Shield celebrates cricket passion
IN THE early days of Limestone/Ipswich’s history, what is now known as West Ipswich had been named “Little Ipswich”.
This poem was written about Ipswich: “Ipswich is a funny place – the like was never seen. There was Ipswich North and Ipswich South, while the Bremer flows between.”
Ipswich was, for many years, a provider of goods to the “Far West”.
It was in its vicinity the first settlement – namely on the opposite side of the One Mile Creek on the old Toowoomba Rd – was made, after Moreton Bay was proclaimed open to free settlers in March 1842.
The first settler in the area was Donald Campbell, who made his first home there and commenced business as a blacksmith, a most necessary occupation considering the bullock dray traffic that travelled between Ipswich and the Condamine.
Then in 1843, Dr W.T. Dorsey established the first hospital in the Ipswich district on a site near the old pound yard at Little Ipswich.
The first man to build a weatherboard cottage (Dr Dorsey’s hospital was only a “hut”) was James England who had shipped the framework of the cottage from South Brisbane in punts to the head of navigation.
On some of the Little Ipswich land, cotton came under cultivation in the 1860s. This was grown more extensively in later years.
Something like 14,000 acres was recorded as being planted in this state and the crop was worth 80,000 pounds.
Among other settlers in that area were Messrs Germain, Aberdeen, Farquhar, Peacock, Smith, Holmes, Hoare, Reddy, Dowling, Gibson, Connor, Ogilvie, Harris, McLeod, Hasenkamp, Roderick, Mclean, Behan, Bradfield, Fitzgerald, Johnstone, Ashe, Ferguson, and Gutstav Rudolph Weise.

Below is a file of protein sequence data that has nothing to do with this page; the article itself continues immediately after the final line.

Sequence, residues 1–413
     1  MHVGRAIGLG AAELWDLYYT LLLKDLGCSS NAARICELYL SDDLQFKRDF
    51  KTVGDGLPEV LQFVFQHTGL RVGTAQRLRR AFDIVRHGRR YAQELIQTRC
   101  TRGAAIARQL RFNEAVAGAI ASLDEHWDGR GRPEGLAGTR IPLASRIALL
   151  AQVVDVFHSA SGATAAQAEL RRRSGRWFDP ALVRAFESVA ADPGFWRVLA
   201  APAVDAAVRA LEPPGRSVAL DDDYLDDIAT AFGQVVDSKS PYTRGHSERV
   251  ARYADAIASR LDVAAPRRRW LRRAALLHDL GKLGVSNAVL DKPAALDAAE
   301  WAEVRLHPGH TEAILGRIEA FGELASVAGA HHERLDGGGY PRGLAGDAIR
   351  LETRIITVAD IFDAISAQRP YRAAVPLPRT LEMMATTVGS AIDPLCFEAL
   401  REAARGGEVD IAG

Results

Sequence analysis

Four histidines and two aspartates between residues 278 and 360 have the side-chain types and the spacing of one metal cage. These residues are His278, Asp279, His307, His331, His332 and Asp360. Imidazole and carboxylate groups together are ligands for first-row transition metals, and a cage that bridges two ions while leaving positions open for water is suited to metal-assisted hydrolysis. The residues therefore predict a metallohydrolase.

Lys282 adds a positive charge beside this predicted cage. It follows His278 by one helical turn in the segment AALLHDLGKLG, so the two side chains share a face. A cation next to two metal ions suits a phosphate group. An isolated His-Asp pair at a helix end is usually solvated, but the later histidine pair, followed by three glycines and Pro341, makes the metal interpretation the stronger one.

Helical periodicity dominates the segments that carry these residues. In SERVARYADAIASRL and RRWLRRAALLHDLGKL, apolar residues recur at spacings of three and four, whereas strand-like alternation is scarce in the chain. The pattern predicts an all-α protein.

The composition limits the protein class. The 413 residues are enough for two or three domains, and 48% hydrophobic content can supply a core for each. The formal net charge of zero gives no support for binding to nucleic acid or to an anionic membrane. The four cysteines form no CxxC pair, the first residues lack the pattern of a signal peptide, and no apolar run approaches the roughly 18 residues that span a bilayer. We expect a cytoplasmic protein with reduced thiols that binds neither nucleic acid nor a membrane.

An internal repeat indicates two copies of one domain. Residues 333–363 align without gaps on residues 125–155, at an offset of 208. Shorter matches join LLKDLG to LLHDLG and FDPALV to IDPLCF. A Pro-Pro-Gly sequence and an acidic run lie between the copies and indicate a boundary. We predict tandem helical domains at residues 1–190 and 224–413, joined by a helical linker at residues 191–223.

The schoolmaster in those days was Thomas Fraser and the national school which later formed part of the West Ipswich Girls State School was built in 1861, builder for which was Donald Bethune.
Little Ipswich in the old bullock-dray period had four hotels – the One Mile, Bull’s Head, sportsman Arms and Sovereign.
This article regarding the Sheffield Shield design was printed in the Queensland Times of May 24, 1894.
“The Sheffield Shield for which the design submitted by P. Blashki and Sons, jewellers Bourke St, Melbourne, was accepted by the Australian Cricket Council has been completed.
“Cricketers will find the design does not give enough idea of the beauty of the completed trophy.
“Some slight departures from the original design have been made.
“The intention was it should be surmounted by a bust of the donor Lord Sheffield, but a good portrait could not be obtained, and a very handsome statue of Victory has been substituted.
“The figures of a bowler and batsman on either side have been artistically modelled, the pose in each case being natural and are in solid silver which alone weigh 45oz.
“The gold work such as the bats and wickets at the top is all thrown into strong relief by silver backing.
“The enamelling of the coat of arms which are of those of Lord Sheffield and Australasia are particularly artistic.”
PRIZE ART: The Sheffield Shield was accepted by the Australian Cricket Council in 1894.